Tennis professionals rocked by Maria Sharapova's admission that she had failed a drug test are now waiting to see what sanction the Russian superstar will face.
Sharapova's positive test for meldonium was the talk of the locker room as the hardcourt tournament at Indian Wells got under way on Wednesday.
Two-time Wimbledon champion Petra Kvitova said she was "shocked" and world number three Agnieszka Radwanska described it as a "sad day for tennis."
Radwanska said she was in the locker room in Indian Wells with a group of WTA players getting ready to train for this week's tournament in southern California when she heard the news on Monday.
"It is a sad day for tennis," Radwanska said.
"Nobody expected that. We are all waiting to see
what they are going to do about it."
Czech Kvitova said Sharapova had made a "huge mistake" by not paying more attention to what drugs are on the banned list.
"We should all know what we are putting into our body," she said. "It was a huge mistake and she is taking responsibility for it."
Sharapova revealed on Monday that she had failed a drug test at the Australian Open in January, saying she had taken the circulation-boosting drug used to treat heart ailments since 2006, but had not spotted that it was added to the banned list as of January 1.
Sponsors of the world's highest-earning sportswoman immediately distanced themselves, with Nike, Porsche and TAG Heuer all halting their relationships with the former world number one.
The five-time Grand Slam winner could face a ban of up to four years, although her lawyer John J. Haggerty told the Daily Telegraph on Wednesday that he believed she can plead mitigating circumstances and receive a lesser punishment.
"There is no evidence whatsoever that this was intentional on Maria's behalf," Haggerty said.
Sharapova, whose on-court prowess and business savvy have brought her an estimated personal fortune of $200 million (180 million euros), wrote on her Facebook page that she woke up early Wednesday morning determined to fight through the scandal and eventually continue her career.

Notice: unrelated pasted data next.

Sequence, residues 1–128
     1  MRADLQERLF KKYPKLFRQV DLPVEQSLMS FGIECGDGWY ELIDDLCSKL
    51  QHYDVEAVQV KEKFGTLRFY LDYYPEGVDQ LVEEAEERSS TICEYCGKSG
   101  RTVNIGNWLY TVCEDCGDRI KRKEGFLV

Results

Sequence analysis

"New day, new start. It is fair to say that this day was not average," Sharapova wrote. "Nothing came to mind at 6am, except that I am determined to play tennis again and I hope I will have the chance to do so.
"I wish I didn't have to go through this, but I do - and I will."
Spain's Rafael Nadal, who has won 14 Grand Slam titles, said Sharapova's positive test is a black eye for the sport.
"It is terrible news for our sport," Nadal said. "It is terrible because our sport must be clean and look clean.
"The good news is we have a good anti-doping programme."
The majority of the players who spoke to reporters on Wednesday chose their words carefully, most expressing shock but adding that it is up to the individual to check which drugs are on the banned substance list.
The women's main draw at Indian Wells began Wednesday while the men kick off their first round Thursday in one of the biggest events of the season outside of the four Grand Slams.
Kvitova said Sharapova's failed test shows that the doping control officials are on top of things.
"This is an example that they are doing everything to have a clean sport. I think the system is working."
Former US Open singles champion Svetlana Kuznetsova said Sharapova should not be tried in public and her fate should be left in the hands of tennis officials.
"First of all, I want to say that Maria is a great athlete and even this 'strange mistake' will not be able to outshine all of what she has achieved in tennis," Russia's Kuznetsova said on her Twitter account.
"And most importantly none of us, especially me, have no rights to comment on this story - not to criticize or evaluate Maria. The doping agency has to see this case not others."
In first round women's action on Wednesday, Heather Watson, who is fresh off winning the Monterrey Open on Sunday, outlasted Galina Voskoboeva 7-6 (7/4), 4-6, 6-1, Dominika Cibulkova breezed past Katerina Siniakova 6-2, 6-0 and Yulia Putintseva pounded Peng Shuai 6-0, 6-1.